Senate composition at 1 July 1929

Coalition (28) - (10 seat majority) [i]
     Nationalist (24) [ii][iii]
     Country Party (4)

     Labor (8) - (10 seat minority) [i] [iv]
 
Changes in composition

  1. ^ a b The Coalition government was defeated by Labor at the October 1929 House of Representatives election
  2. ^ In May 1931 the Nationalist party merged with pro-Joseph Lyons Labor defectors to form the United Australia Party.
  3. ^ UAP Senator Walter Duncan resigned on 1 December 1931 and was replaced by Lang Labor member Patrick Mooney.
  4. ^ In 1931 2 NSW Senators walked out of the Labor party to join Lang Labor

This is a list of members of the Australian Senate from 1929 to 1932.[1] Half of its members were elected at the 14 November 1925 election and had terms starting on 1 July 1926 and finishing on 30 June 1932; the other half were elected at the 17 November 1928 election and had terms starting on 1 July 1929 and finishing on 30 June 1935. The process for filling casual vacancies was complex. While senators were elected for a six year term, people appointed to a casual vacancy only held office until the earlier of the next election for the House of Representatives or the Senate.[2]

The Government changed during the Senate term as the Coalition of the Nationalist Party led by Prime Minister of Australia Stanley Bruce and the Country Party led by Earle Page lost the confidence of the House of Representatives and called an election for October 1929. The Labor Party, led by James Scullin, won the election with a large majority. This was the first time in which an election for the House of Representatives was held without an election for the Senate. Section 13 of the Constitution requires an election to occur within one year of the expiry of senate terms and the terms of senators elected in 1925 were not due to expire until 1932.[3]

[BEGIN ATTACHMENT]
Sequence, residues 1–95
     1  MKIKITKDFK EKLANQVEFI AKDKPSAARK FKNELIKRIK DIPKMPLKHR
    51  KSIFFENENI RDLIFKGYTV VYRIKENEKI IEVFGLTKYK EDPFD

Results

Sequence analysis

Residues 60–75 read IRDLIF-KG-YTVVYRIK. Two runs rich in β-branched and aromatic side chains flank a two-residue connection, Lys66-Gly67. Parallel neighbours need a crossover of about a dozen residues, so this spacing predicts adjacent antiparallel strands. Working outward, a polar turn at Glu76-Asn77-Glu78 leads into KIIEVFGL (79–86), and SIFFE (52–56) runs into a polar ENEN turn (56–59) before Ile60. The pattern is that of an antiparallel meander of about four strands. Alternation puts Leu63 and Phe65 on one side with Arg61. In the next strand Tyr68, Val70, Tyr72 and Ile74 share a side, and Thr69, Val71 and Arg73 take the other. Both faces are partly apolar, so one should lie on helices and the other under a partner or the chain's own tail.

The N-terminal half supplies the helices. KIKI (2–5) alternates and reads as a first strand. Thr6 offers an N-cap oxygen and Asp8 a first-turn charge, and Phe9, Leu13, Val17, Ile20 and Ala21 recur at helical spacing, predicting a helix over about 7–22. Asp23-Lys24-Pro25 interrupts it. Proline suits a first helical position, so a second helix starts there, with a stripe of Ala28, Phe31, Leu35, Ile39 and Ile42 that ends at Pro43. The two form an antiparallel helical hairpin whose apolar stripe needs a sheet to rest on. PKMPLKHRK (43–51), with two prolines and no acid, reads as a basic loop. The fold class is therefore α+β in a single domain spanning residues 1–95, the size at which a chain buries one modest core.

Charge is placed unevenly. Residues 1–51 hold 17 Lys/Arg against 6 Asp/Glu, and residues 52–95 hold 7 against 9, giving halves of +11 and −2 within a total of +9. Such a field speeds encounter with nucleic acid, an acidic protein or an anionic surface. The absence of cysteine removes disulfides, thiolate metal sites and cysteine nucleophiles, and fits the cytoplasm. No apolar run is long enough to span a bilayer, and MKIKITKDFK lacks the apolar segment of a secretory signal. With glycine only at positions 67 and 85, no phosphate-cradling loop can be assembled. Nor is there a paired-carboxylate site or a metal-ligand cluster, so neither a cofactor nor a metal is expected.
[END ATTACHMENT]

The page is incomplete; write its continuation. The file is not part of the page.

In 1931 five Labor members in the House of Representatives split from the Scullin government in opposition to its economic policies on the Great Depression and joined the Nationalist Party and three conservative independents in the House to form the United Australia Party (UAP). Subsequently some New South Wales members and senators were expelled from the Labor Party for their support of New South Wales Premier Jack Lang's policy of repudiating foreign debt and formed the Australian Labor Party (New South Wales)—known as Lang Labor—and later voted with the UAP to defeat the Scullin government, leading to the 1931 election.

Senator Party State End term Years in Office
John Barnes   Labor Victoria 1935 1913–1920, 1923–1935
Tom Brennan [a]   UAP Victoria 1932 [b] 1931–1938
William Carroll   Country Western Australia 1932 1926–1936
John Chapman [c]   Nationalist /UAP South Australia 1932 1926–1931
Hal Colebatch   Nationalist /UAP Western Australia 1935 1929–1933
Walter Cooper   Country Queensland 1932 1928–1932, 1935–1968
Charles Cox   Nationalist /UAP New South Wales 1932 1920–1938
Thomas Crawford   Nationalist /UAP Queensland 1935 1917–1947
John Daly   Labor South Australia 1935 1928–1935
John Dooley   Labor New South Wales 1935 1928–1935
Walter Duncan [d]   Nationalist/UAP New South Wales 1932 1920–1931
Jack Duncan-Hughes [c]   UAP South Australia 1932 1931–38
James Dunn   Labor/Lang Labor New South Wales 1935 1929–1935